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‘Rogue Nurse’ Is Accused Of Killing Patients By Injecting A Fatal Dose Of Insulin, Attempting To Kill A Third
Johnathan Howard Hayes is facing two counts of murder and one count of attempted murder after authorities allege he injected patients with “lethal," “near fatal” doses of insulin at a North Carolina hospital.
A “rogue nurse” in North Carolina has been accused of murdering two patients by injecting a fatal dose of insulin and attempting to kill a third patient, prosecutors say.
Johnathan Howard Hayes, 47, is now facing two counts of murder and one count of attempted murder for administering “lethal” and “near fatal” doses while working as a nurse at the Atrium Wake Forest Baptist Medical Center, according to a press conference streamed by CBS affiliate station WFMY.
“All the available evidence indicates that this man acted alone,” said Forsyth County District Attorney Jim O’Neill, who described Hayes as a “rogue nurse.”
Hayes — a veteran nurse who had worked at the hospital over various periods in the last 15 years — was described last year by his wife Misty Hayes as going “that extra mile” with his patients during his shifts, according to the Winston-Salem Journal.
Misty had nominated her husband for a nurse of distinction as part of a Celebrating Nurses of the Triad special section put together by the paper and other media outlets.
But authorities now say Hayes is accused of administering deadly doses of insulin to vulnerable patients who had sought care at the well-established medical center.
According to O’Neill, Hayes is accused of administering a near fatal dose to patient Pamela Little on Dec. 21, 2001.
Little survived, but authorities say just weeks later, on Jan. 5, 2022, Hayes tried to kill again, this time administering a fatal dose to Gwen Zelda Crawford. Crawford died three days later on Jan. 8, O’Neill said.
That same month, O’Neill said, Hayes also administered a fatal dose of insulin to Vickie Lynne Lingerfelt on Jan. 22. She died five days later on Jan. 27.
All three women were in theirs 60s, according to the local newspaper.
O’Neill declined to discuss what the women were seeking treatment for, citing privacy laws, or comment on what unit Hayes had worked on during his time at the hospital, but did say that it didn’t appear that he had any prior relationship with the women.
“As far as we can tell the nurse did not know the patient beforehand,” he said, adding that the motive is unknown at this time.
O’Neill said an investigation was launched into Hayes’ activities in March, after the medical center reached out to authorities with concerns that a nurse may have administered a lethal dose of insulin.
After a “thorough” investigation by the Winston-Salem Police — who spoke to witnesses, gathered evidence and spoke to the victim’s family members— O’Neill said his office was confident there was “probable cause” to make the arrest.
After announcing the allegations against Hayes, O’Neill thanked the medical center for coming forward.
“Without your help and your cooperation, we would not be here today,” he said. “You are helping us to pursue justice on behalf of the victims and their families.”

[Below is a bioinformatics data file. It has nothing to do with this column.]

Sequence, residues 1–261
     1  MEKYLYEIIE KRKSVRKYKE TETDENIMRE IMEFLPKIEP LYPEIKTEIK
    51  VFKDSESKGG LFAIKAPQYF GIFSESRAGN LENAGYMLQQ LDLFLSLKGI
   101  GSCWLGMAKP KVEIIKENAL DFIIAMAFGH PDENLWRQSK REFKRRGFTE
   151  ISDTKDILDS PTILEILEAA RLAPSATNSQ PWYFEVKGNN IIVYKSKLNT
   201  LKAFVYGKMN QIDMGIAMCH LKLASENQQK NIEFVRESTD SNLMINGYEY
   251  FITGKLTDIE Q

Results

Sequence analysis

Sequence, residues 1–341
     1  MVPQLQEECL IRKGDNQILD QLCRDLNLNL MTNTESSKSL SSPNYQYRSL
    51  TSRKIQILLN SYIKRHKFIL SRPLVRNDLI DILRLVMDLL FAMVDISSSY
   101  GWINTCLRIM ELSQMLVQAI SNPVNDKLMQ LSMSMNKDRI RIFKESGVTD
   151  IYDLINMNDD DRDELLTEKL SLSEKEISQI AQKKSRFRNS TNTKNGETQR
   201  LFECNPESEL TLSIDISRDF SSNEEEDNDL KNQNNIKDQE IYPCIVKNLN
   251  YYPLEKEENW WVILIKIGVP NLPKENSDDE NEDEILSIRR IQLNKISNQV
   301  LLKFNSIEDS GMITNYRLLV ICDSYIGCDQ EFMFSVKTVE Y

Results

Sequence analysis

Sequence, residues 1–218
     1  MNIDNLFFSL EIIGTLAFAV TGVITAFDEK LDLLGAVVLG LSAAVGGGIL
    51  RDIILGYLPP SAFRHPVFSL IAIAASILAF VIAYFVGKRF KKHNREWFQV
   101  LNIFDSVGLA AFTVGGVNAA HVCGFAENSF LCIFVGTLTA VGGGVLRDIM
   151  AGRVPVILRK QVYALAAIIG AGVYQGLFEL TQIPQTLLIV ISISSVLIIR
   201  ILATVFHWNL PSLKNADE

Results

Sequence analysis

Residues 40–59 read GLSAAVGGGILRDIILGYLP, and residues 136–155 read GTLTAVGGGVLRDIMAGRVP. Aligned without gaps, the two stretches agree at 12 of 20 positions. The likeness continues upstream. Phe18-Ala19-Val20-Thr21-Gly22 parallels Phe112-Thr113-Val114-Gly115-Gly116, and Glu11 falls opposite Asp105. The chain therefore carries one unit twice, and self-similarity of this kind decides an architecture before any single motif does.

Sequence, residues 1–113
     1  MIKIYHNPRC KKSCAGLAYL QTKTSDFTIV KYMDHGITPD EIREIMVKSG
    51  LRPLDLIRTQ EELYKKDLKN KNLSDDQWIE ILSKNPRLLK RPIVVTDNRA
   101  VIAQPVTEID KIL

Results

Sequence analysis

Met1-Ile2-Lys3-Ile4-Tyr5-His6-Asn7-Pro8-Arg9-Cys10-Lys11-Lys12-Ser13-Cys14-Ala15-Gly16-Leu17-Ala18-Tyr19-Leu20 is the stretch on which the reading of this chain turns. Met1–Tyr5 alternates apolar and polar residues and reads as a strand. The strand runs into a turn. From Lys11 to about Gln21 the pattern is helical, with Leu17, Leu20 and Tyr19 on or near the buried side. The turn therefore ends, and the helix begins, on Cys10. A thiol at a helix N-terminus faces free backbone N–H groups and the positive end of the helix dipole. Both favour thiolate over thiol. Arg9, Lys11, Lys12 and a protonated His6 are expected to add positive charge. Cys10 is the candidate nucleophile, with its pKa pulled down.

He also encouraged the public not to avoid seeking medical attention as a result of the allegations.
“The acts of this one bad actor should not be a reflection on the medical professionals that provide excellent care to this community,” he said. “Doctors and nurses are one of the few blessings that we have when either ourselves or our loved ones are sick or hurt.”
Denise Potter, a spokesperson from Atrium Wake Forest Baptist Medical Center, also expressed her condolences to the friends and family of the victims at the press conference.
“We are deeply saddened by what has occurred,” she said. “When we first learned of these disturbing events, we immediately reached out to offer our condolences, our apologies and our support to the patients’ families.”
She said the hospital alerted authorities as soon as they noticed a “deviation in patient care as part of our established safety protocols” and said the facility remains committed to helping police and prosecutors as the investigation continues.
Hayes was terminated from the medical center in March.
“What is alleged to have taken place certainly does not represent the very high standards of safety and integrity that our dedicated teammates take pride in and display each and every day,” Potter said.
Hayes isn’t the first nurse to be accused of doing harm to his patients.
Investigators later found a series of disturbing post-it notes in her home, seemingly claiming responsibility for the deaths.
“I am a horrible evil person,” one note allegedly read. “I killed them on purpose because I’m not good enough.”
Charles Cullen also earned the ominous nickname “The Angel of Death” after he confessed to killing more than 40 patients. Cullen — whose story has previously been featured on Oxygen’s “Snapped Notorious: Prescription For Death” — claimed that he killed the patients as an act of mercy and wanted to end their pain and suffering.
He pleaded guilty in 2006 to killing 22 patients.
Cullen’s shocking crimes are the subject of the upcoming movie “The Good Nurse,” starring Eddie Redmayne, slated to debut on Netflix Oct. 26. Jessica Chastain plays nurse Amy Loughren, Cullen's former coworker and an informant for the Somerset detectives.
Cullen is currently serving 11 consecutive life terms at the New Jersey State Prison in Trenton.